Almost three years ago, kids in the Environmental Studies Magnet program at a Los Angeles-area middle school started an art project to call attention to their school district’s use of Styrofoam lunch trays.
In response to those efforts, John Deasy, Superintendent of the Los Angeles Unified School District (LAUSD), the second biggest school district in the nation, this week announced a styrofoam ban on all products throughout the district.
At a press conference held at Thomas Starr King Middle School, Superintendent John Deasy commended the students for their commitment to the environment, and stated his next goal was to inspire the rest of the nation’s school districts to follow suit.
Hooray for students and teachers using grassroots activism!
The idea for an environmentally-friendly lunch service began when students at the school were assigned the task of carrying around their own trash for one week. Good.is reports that the kids were able to see first-hand how much of their own trash was made up of disposable plastics, especially the Styrofoam trays from their school lunches. To make the waste even more obvious, they built a Styrofoam “monster,” constructed out of the 1,500 trays typically thrown out in a single day.
In response to the sight of all that Styrofoam, and recognizing that Stryrofoam just doesn’t decompose, students began a letter-writing campaign, involving their parents and local businesses, and targeting school board members and district officials. They urged the LAUSD to enact a district-wide Styrofoam ban, and replace their disposable lunch trays with reusable versions.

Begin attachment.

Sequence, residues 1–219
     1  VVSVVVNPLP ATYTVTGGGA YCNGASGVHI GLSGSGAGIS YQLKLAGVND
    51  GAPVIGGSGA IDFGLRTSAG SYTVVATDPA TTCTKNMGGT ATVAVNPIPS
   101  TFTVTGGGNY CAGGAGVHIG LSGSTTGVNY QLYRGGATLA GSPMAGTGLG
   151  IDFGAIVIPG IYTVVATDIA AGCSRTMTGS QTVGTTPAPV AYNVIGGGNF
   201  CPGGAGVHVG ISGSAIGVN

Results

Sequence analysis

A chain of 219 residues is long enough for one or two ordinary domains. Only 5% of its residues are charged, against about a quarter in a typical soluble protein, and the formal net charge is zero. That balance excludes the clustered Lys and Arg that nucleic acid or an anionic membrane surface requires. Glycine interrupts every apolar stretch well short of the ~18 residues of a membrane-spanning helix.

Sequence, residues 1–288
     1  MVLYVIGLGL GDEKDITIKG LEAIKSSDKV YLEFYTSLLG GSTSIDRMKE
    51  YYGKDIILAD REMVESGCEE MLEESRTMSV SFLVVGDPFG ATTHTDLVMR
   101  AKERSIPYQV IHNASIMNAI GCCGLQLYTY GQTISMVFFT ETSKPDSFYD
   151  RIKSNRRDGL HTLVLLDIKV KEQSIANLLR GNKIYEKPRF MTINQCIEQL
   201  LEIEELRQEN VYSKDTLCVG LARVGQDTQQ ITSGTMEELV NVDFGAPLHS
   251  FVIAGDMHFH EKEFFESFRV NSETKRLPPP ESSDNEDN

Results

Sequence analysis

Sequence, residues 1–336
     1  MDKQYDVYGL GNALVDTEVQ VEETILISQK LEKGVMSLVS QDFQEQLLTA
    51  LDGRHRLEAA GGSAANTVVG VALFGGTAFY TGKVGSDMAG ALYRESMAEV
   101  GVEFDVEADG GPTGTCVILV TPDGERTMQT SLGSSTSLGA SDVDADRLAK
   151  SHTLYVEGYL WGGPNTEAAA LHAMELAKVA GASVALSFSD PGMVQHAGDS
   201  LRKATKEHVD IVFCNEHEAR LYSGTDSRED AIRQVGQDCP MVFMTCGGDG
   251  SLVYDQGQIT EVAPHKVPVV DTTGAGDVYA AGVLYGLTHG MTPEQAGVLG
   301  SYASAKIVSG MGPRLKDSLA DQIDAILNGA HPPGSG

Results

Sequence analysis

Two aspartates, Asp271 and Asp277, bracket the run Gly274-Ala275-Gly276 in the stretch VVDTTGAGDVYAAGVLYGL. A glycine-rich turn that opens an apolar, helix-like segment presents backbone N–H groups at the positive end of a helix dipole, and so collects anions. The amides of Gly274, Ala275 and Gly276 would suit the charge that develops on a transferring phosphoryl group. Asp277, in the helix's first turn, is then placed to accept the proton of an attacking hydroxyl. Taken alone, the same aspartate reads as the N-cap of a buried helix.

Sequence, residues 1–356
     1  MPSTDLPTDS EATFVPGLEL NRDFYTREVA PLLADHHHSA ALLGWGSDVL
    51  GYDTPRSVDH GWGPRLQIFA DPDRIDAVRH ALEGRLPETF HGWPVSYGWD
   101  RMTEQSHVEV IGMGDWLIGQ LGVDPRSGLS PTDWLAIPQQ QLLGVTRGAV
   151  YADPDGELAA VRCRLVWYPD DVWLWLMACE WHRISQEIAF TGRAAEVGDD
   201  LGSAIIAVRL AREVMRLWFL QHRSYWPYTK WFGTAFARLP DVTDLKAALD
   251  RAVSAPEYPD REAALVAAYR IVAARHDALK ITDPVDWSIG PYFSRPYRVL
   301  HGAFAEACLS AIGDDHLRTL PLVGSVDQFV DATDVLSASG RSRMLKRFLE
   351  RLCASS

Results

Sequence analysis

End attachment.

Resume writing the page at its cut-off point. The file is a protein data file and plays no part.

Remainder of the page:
LAUSD uses about 40 million trays a year. The new paper tray is about 3 to 4 cents cheaper per unit and saves the district about $5 million to $6 million. So everybody wins!
City Councilmember Paul Koretz praised the students, also bringing attention to a bill in the senate to ban polystyrene state-wide.
“Our legislators can take inspiration from the wonderful students and parents of Thomas Starr King Middle School, who successfully called for LAUSD to change its policies and practices regarding polystyrene food trays, making LAUSD even more of an environmental leader among educational institutions,” Koretz said.
Environmentalists say banning the containers would help reduce waste issues, taking decades to break down.
Styrofoam is often mistaken for food or prey by seabirds, marine mammals, fish, and sea turtles.
Wednesday’s announcement follows the 2009 ban on polystyrene food containers in Los Angeles city buildings and a county-wide ban in 2010.
The LAUSD ban takes on added significance in the next few days as state legislators vote on a bill to ban polystyrene food containers statewide. 65 California cities and counties have already banned polystyrene food containers and Senate Bill 568 would expand the ban statewide.
Photo Credit: juliacsmith
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